________________ CM . . . . Volume VIII Number 14 . . . . March 15, 2002

cover Compass Murphy.

Stephen Potts.
London, Eng: Mammoth, 2001. (Distributed in Canada by Stewart House Publishing)
341 pp., pbk., $7.99. ISBN 0-7497-4027-2.
ISBN 1-55050-193-3.

Subject Headings:
Arctic regions-Discovery and exploration-Fiction.
Adventure stories.

Grades 5 and up / Ages 10 and up.

Review by Darleen Golke.

*** /4


'Now, lad, tell me how you did it.'

'I just know where north is, sir. I don't know how.'

'Really?' The captain looked up as the first mate returned to the deck.

'A blindfold, if you would Mr Hobbs.' A scarf was wrapped around Joshua's head, covering his eyes, and tied tightly at the back. The captain spun him round two or three times, then stopped him sharp. 'Point north,' he commanded.

Without hesitation, Joshua indicated with an outstretched arm. Mr Colback's voice from the helm confirmed that he was right.

He was spun again, this time the opposite way. 'Again,' said the captain. Joshua indicated. 'He's right, Cap'n,' said Mr Colback, to a murmur from the rest of the crew.

This happened over and over, in the bows, at the stern, amidships, even briefly, below decks, to satisfy Mr Hobbs that it wasn't the sun, or the wind, or the roll of the ship that Joshua navigated by. The spinning was increasingly elaborate, the captain sometimes moving with Joshua, sometimes the opposite way, to confuse him further but every time Joshua's arm shot out, Mr Colback's voice answered with increasing admiration: 'Right again, sir.'

Determined to secure their future with one last whaling trip, Thomas Murphy, entrusting his son to the mercies of his sister and her harsh husband, embarks from Whitby, UK, on the Lindisfarne. Joshua recognizes that his father loves the sea and knows "his going to sea again wasn't just about money." Patiently, Joshua endures the ensuing months under Flint's tyranny, a schoolmaster's brutality, and his cousin's treachery, eagerly awaiting his father's return. However, when the other whalers gradually return, the Lindisfarne is not among them. Through a winter of "bullying and back-breaking work," only "the companionship of Nelson (the farm dog), secret kindnesses from Esther and Emmy, and a still-fresh hope for better things" sustain Joshua. By spring, he decides to take matters into his own hands, runs from the Flint home, and stows away aboard the Aurora, a whaler heading north.

     When sailors discover Joshua hiding in one of the boats, only the captain's firm intervention prevents a nasty confrontation. Set to work, Joshua eagerly learns all he can about sailing and discovers a natural ability to find "true north,"earning him the moniker, Compass Murphy. The much anticipated whale hunt shocks Joshua with its brutality and finality. "Just hours ago, before I cried him out," he laments, "he was a magnificent beast, a rightful ruler of the waves. Now he's just carrion for the sea crows." The captain explains that, when the whale is in the water, "it is a whale," but, to the crew, "it is a roof overhead, and shoes underfoot. It is food within and clothi ng without. It is doctors' bills and not having to fear a pauper's grave." The quest for whales takes the Aurora ever further north through fields of ice which "in all its variety . . . held [Joshua] in thrall." However, the captain, in his zeal to fill the hold with cargo, leaves heading south too la te, and the Aurora is beset. During the ensuing months, Joshua hones his hunting and survival skills. Caught in a "williwaw . . . sudden furious winds which roared down from the mountains, whipping up the snow into blinding blizzard, and tearing the clothes from anyone caught," he is rescued by a group of Inuit. Simva, an Inuit girl, teaches him the skills of hunting, running dog sleds, kayaking, and generally educates him about life in the harsh northern land. Throughout his apprenticeship aboard ship and on land, Joshua never loses his focus on finding his father. Sadly, an adventure with Simva that goes awry actually leads to his discovery of Lindisfarne wreckage and his father's fate.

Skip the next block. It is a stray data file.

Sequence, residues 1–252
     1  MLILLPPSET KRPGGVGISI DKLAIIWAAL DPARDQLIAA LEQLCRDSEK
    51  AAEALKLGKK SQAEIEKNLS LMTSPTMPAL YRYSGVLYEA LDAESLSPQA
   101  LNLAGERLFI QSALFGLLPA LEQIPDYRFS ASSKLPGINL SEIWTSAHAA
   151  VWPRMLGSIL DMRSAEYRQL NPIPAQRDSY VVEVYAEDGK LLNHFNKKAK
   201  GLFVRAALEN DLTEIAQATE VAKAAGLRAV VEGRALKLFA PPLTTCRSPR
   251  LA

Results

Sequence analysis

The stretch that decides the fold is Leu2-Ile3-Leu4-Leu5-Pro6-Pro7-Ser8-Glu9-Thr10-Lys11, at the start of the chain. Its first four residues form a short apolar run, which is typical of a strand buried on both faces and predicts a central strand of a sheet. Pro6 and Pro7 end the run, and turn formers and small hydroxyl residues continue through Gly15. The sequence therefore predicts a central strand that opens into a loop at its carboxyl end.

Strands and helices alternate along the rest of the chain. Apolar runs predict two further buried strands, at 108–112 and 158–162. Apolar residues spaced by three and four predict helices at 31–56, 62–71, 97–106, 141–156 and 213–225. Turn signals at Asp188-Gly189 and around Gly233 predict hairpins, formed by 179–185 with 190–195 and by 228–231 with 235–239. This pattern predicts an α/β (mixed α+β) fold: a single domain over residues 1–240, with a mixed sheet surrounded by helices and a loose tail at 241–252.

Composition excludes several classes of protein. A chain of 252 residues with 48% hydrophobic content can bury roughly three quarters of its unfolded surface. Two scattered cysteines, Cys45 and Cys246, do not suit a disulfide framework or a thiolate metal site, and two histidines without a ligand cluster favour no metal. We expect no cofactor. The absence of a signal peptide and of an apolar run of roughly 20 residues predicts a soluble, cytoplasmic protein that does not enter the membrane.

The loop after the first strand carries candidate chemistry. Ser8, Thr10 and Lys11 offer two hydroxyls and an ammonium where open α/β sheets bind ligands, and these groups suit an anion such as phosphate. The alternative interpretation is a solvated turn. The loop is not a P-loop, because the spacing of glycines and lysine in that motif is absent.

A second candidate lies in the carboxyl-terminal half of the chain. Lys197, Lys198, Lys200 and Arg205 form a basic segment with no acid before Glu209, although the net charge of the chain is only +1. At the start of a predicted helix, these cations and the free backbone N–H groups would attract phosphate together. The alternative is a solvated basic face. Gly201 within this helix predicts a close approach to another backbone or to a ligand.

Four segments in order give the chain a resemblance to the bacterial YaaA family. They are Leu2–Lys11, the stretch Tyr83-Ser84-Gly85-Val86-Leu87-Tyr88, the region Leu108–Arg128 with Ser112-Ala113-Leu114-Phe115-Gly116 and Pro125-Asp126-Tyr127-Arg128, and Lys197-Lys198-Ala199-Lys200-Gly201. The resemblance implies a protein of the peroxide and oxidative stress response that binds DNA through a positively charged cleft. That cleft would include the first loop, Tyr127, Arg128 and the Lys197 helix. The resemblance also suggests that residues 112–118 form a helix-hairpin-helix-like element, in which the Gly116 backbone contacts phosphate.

Potts, an Edinburgh consulting psychiatrist and an avid seaman, tells a traditional adventure story featuring an appealing and enthusiastic protagonist and a plot in which the physical setting plays a major role. He portrays the power and majesty of the sea and the Arctic against the resolution and courage of the men who earn their living challenging the treacherous conditions and hunting the magnificent creatures of the deep. Potts succeeds in infusing the adventure with powerful descriptive passages contrasting the beauty with the barrenness and illustrating the basic struggle against the unforgiving elements. Using the nineteenth century setting with the male camaraderie that characterizes life aboard the whaler allows the author to illustrate the importance of skills and experience in coping with physical danger. Joshua develops from a motherless boy exploited by an unfeeling farmer to a valued crew member of a whaling ship earning the respect and friendship of his fellows. He confidently concludes "that the only home he'd ever have was on the deck of a ship, at sea." Animal rights advocates may disapprove of the whale hunt aspect of the story, but Potts is careful to underscore the reasons for and the time frame within which the whaling industry flourished. Compass Murphy targets young male readers with its classic man versus nature conflict in this coming of age tale.


Darleen Golke is a retired high school teacher-librarian who lives in Winnipeg, MB.

To comment on this title or this review, send mail to cm@umanitoba.ca.

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ISSN 1201-9364